Micronutrients: a looming concern for Sub-Saharan agriculture

A PBL study explores how a lack of soil micronutrients puts countries in Sub-Sahara Africa at risk. A range of metals and minerals is essential to sustainably increase agricultural production. Though needed in small quantities, they are not substitutable in plant growth, and deficiencies jeopardize healthy human development. Required volumes are often modest compared with global annual production, but countries are nonetheless vulnerable to supply restrictions. Various policy options exist, but the optimal mix is country-specific.

The study was part of a multi-year covenant between PBL and the Foreign Aid Department of the Netherlands Ministry of Foreign Affairs. ISRIC – World Soil Information developed the novel database on soil nutrient densities.

Challenges for agriculture in Sub-Saharan Africa

The challenges to increase production and productivity in the region are pronounced. Consumption is projected to increase rapidly to end hunger and adequately feed a growing population. Yields much higher than the current low averages are required to reduce deforestation and loss of other natural land. Improved yields are also key for agricultural livelihoods and overall economic development.

Estimating potential demand of micronutrients

To sustain a future pathway of sustainable agriculture, multiple measures and incentives are indispensable. The role of micronutrients remains underexposed to date, but warrants more attention. To estimate how much micronutrients are needed, two components add up to the total. The first is the one-time amount needed to supplement current deficits in the soil, which hampers plant growth. The second serves to replenish the annual flows of micronutrients exported from fields embedded in harvested products and crop residues. Uncertainties in key relations along the chain from soil to harvested products are reflected in ranges for each element considered.

Supply risks and vulnerability

For most elements, manganese, potassium and magnesium being the exceptions, the total amount estimated is modest compared with global production volumes. But, supply risks, an indicator capturing the odds of disruptions in global supply, are relatively larger for zinc and manganese. Moreover, countries in the region are vulnerable to supply restrictions to varying degrees. Restrictions can arise from competing sectors and world regions, and high and fluctuating market prices. The vulnerability, per element and per country, varies with domestic mining capacity, foreign currency reserves and the share of agriculture in their national economy.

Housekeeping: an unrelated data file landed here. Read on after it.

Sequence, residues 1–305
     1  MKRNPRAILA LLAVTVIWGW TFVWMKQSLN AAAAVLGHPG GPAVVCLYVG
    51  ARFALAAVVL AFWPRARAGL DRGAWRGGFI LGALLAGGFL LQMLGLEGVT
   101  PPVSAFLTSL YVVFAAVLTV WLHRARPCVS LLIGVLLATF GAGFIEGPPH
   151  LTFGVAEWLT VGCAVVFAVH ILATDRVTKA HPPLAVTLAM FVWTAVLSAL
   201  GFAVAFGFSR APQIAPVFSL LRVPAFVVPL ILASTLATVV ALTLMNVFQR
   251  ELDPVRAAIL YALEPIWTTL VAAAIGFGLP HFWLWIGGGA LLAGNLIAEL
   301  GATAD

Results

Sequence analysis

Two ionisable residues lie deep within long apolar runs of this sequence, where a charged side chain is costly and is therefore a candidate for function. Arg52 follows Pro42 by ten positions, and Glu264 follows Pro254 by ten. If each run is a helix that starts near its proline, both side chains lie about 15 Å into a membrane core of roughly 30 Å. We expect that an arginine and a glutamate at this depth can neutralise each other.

Policy options to reduce micronutrient risks

Each country will require a different mix of financial and other interventions to reduce the risks. Three key focus areas for policy-making are:

  • Use of micronutrients to be kept as low as possible, for example by substitution in non-agricultural sectors, and by recovery, recycling and avoiding losses in all sectors;
  • Public and private research for development of innovative fertilizer products, supported by field trials and data collection;
  • More affordable fertilizer prices for farmers, and where instrumental mandatory application of micronutrients.

More information and selected further reading


About the topic:

Energy and Climate Change

We report on the progress made with regard to the climate and energy transition, analysing the current and future impact of policy on greenhouse gas emission reduction and exploring various options for achieving the reduction targets.

More about energy and climate change